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History of PayPal

PayPal Corp., as it is known today, is the result of a March 2000 merger between Confinity and X.com. Confinity was founded in December of 1998 by Peter Thiel and Max Levchin, initially as a Palm Pilot payments and cryptography company. X.com was founded by Elon Musk in March of 1999, initially as an Internet financial services company. Both companies were located on University Avenue in Palo Alto. On the Confinity business side, many of its initial recruits were alumni of The Stanford Review, also founded by Peter Thiel, and most early engineers hailed from the University of Illinois at Urbana-Champaign, recruited by Max Levchin. On the X.com side, Elon Musk recruited a wide range of personnel, many of whom remain at PayPal today, such as Amy Klement and several other members of the senior team.

To block automated systems from using fraud, PayPal devised a system of making the user enter numbers from a blurry picture; according to Eric M. Jackson, author of the book The PayPal Wars, PayPal invented this system now in common use; though, there is evidence AltaVista used a captcha as early as 1997, before PayPal existed.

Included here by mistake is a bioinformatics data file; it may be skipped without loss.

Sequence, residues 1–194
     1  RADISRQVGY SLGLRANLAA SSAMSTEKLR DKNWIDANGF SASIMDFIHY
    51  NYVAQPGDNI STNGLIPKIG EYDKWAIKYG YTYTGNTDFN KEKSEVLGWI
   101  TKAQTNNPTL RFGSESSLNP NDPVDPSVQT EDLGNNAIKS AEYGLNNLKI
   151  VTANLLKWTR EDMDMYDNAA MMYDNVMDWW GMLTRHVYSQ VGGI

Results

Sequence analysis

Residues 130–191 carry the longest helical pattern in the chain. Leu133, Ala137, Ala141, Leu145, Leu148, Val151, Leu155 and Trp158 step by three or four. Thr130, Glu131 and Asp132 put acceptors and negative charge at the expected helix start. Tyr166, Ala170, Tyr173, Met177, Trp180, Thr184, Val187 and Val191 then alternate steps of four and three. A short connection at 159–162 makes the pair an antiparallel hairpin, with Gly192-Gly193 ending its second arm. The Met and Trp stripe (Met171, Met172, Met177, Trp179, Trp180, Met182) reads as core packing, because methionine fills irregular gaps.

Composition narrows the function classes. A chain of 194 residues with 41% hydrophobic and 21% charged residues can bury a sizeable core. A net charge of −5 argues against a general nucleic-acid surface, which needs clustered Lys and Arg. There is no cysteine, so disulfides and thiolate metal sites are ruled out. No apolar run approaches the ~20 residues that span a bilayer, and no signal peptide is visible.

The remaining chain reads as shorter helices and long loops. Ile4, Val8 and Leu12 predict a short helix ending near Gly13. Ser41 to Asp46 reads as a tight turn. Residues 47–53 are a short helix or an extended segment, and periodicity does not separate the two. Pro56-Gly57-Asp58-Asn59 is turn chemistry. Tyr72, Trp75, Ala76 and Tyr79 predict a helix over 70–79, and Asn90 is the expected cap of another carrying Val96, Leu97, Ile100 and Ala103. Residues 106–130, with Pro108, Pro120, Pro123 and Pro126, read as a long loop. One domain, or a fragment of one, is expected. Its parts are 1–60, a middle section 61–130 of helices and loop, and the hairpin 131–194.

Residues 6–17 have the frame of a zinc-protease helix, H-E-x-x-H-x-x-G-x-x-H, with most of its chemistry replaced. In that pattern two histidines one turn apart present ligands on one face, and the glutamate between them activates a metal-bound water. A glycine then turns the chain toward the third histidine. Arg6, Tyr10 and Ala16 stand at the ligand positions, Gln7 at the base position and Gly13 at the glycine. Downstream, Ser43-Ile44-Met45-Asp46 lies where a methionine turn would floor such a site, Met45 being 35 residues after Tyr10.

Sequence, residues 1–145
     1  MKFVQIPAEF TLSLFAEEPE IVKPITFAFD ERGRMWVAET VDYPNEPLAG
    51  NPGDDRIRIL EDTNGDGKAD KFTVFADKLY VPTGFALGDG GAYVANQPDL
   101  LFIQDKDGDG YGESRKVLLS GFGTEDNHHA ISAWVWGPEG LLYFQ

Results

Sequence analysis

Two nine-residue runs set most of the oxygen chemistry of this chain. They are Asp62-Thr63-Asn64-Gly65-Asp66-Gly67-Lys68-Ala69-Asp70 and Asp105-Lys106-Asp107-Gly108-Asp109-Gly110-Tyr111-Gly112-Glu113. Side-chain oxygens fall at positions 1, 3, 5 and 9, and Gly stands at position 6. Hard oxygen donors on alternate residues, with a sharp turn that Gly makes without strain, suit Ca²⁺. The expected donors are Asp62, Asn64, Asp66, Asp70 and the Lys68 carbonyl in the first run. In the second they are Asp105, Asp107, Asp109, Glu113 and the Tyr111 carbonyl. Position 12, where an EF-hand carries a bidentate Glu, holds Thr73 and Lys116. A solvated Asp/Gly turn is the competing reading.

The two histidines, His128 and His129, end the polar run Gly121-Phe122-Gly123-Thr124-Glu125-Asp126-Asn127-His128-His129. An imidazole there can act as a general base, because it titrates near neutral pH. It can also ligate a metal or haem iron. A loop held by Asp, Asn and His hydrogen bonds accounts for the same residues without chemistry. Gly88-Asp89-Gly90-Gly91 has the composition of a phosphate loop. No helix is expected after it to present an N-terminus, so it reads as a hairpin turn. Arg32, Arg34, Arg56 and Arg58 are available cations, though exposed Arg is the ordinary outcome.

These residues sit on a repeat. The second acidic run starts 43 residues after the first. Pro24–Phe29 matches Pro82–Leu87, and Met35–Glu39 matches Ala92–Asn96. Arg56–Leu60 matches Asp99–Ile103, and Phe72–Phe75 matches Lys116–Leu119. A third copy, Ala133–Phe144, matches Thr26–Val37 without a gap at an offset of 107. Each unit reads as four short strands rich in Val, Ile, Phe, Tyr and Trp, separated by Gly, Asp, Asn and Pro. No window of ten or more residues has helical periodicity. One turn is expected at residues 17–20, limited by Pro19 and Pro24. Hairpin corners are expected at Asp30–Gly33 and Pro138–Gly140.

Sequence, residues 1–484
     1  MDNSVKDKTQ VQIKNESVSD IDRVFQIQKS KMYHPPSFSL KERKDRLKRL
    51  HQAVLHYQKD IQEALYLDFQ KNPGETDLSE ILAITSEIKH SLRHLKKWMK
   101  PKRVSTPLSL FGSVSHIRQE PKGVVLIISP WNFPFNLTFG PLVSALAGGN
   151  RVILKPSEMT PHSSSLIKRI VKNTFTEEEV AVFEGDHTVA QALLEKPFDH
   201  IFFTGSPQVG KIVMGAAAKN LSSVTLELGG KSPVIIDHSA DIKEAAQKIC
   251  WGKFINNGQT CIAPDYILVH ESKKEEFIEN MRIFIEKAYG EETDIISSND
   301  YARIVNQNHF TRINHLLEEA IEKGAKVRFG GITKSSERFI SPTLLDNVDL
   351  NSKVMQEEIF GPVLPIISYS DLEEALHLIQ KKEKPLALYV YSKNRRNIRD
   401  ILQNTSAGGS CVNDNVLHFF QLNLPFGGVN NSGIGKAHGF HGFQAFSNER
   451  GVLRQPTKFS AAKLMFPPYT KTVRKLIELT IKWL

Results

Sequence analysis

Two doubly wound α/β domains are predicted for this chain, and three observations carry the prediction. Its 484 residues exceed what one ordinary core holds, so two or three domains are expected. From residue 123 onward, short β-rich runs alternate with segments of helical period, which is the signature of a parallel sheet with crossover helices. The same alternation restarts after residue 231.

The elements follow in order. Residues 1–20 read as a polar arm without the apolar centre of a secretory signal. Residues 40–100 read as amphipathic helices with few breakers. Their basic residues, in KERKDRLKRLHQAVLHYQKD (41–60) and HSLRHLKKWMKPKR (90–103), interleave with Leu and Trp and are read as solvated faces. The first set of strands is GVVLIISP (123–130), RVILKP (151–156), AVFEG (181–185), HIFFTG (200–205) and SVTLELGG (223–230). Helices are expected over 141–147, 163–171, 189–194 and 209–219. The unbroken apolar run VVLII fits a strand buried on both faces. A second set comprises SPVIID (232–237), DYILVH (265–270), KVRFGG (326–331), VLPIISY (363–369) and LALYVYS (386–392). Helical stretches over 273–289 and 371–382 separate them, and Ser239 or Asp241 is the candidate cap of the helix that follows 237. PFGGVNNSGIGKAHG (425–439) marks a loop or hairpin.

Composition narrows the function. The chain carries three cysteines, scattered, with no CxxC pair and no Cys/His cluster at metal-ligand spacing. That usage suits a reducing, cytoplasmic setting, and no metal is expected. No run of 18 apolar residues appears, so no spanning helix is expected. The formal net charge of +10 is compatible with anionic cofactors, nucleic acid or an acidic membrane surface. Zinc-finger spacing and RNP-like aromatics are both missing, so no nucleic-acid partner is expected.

eBay watched the rise in volume of online payments, and realized its fit with online auctions. eBay purchased Billpoint in May 1999, prior to the existence of Paypal. eBay made Billpoint the official payment system of eBay, dubbing it “eBay Payments”, but cut the functionality of Billpoint by narrowing it to only payments made for eBay auctions.

For this reason PayPal was listed in several times as many auctions as Billpoint. In February of 2000 there were approximately an average of 200,000 daily auctions advertising the PayPal service while Billpoint had only 4,000 auctions. By April of 2000 there were more than 1,000,000 auctions promoting the PayPal service. PayPal was able to turn the corner and become the first dot-com to IPO after the September 11, 2001.

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